English | Dzongkha Sunday, June 25, 2017

Inadequate training facility a challenge, say athletes

Sherub Dorji, Thimphu
Apr 21, 2017

Lenchu Kunzang represented Bhutan at the 2016 Rio Olympics in the 10-meter air rifle shooting competition. A key lesson she returned home with from her first Olympic stint is that competing in world championships requires a lot of training and practice, something that is lacking in Bhutan, at least in comparison with international athletes.

Lenchu says inadequate training and practice facility is what puts Bhutanese athletes at a disadvantage at the international championships. “ We can’t compare with others. Our facilities do not match up to theirs. All we can do is to give our best.”

Bhutan has had some successes at regional sporting events. For instance, the Bhutanese shooting team recently won 19 bronze medals at the Indo-Bhutan Big-bore Shooting Championship.

However, qualifying for the Olympics games or winning at the Olympics still remains off limits to Bhutanese athletes. While there are a host of factors at play, like Lenchu, other Bhutanese athletes agree that lack of adequate training facility is one of them.

The Head Coach of the Bhutan Shooting Federation, Dorji Phurba, said Bhutan participated in the 2012 and 2016 Olympics on wild card entry. “It would be good if we can qualify and it’s not that our athletes do not have the capability to qualify. It’s because we don’t have good equipment,” said Dorji Phurba.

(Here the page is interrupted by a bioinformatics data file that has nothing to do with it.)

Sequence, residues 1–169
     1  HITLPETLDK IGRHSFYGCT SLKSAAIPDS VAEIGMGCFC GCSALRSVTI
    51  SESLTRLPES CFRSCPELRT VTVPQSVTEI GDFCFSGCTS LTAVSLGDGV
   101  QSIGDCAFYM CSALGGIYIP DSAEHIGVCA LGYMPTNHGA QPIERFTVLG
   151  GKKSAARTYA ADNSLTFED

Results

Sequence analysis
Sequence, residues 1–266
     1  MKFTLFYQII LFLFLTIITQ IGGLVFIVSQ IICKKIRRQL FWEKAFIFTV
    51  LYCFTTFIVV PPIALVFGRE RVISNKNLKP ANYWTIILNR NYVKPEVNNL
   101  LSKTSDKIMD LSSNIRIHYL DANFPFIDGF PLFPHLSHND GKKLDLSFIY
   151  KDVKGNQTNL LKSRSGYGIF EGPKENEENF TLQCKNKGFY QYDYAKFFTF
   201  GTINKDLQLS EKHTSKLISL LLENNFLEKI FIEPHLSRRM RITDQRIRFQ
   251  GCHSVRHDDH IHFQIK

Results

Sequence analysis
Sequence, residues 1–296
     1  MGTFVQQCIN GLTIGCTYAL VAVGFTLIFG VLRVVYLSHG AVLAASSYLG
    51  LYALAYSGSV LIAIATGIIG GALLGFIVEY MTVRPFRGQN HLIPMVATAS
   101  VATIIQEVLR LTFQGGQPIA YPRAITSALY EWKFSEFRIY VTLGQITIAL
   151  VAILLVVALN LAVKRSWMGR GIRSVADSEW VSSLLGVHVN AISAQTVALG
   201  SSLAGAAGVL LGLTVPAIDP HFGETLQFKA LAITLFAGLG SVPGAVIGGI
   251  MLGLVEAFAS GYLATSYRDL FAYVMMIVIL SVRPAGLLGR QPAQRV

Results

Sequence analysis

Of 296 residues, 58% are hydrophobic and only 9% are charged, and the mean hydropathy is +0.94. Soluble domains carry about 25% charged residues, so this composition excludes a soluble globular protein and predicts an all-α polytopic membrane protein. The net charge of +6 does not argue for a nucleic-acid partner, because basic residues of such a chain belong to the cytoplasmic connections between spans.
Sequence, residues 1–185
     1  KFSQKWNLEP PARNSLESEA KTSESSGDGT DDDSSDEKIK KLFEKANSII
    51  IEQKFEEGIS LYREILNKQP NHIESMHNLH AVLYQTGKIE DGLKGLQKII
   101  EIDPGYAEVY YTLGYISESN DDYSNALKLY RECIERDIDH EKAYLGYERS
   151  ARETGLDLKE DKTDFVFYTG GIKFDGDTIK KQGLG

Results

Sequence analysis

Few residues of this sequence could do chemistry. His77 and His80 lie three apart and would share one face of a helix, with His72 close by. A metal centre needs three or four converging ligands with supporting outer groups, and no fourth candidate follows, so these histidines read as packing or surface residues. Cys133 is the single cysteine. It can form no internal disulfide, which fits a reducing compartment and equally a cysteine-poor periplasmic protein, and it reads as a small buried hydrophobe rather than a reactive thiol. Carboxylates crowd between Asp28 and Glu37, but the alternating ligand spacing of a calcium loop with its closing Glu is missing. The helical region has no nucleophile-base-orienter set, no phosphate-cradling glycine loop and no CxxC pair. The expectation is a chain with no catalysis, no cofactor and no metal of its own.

Bhutan currently competes in 10-meter air rifle at the Olympics, 10-meter air pistol and 300-meter big bore. Works are underway to construct a shooting complex at Ramtokto.

Lack of tough internal competition is seen as another factor. Dorji Phurba said there is a need for strong national competitions. “Having a state of the art facility does not guarantee success. We need to have standards set to compete in state level competitions. This will help us produce quality athletes.”

Just last month, the shooting federation organized an open championship for the under-sixteen. Events like this to encourage practice at an early age will go a long way in producing talents for the future.

The challenges are many but this does not prevent Bhutanese athletes from trying hard. Lenchu Kunzang, for instance, is working hard so that she can qualify for the 2020 Tokyo games without relying on the wild card entry.

“I don’t want to wait for the wild card entry. Rather, I would like to work hard and make sure to qualify for the 2020 Olympics as well.”

 

 

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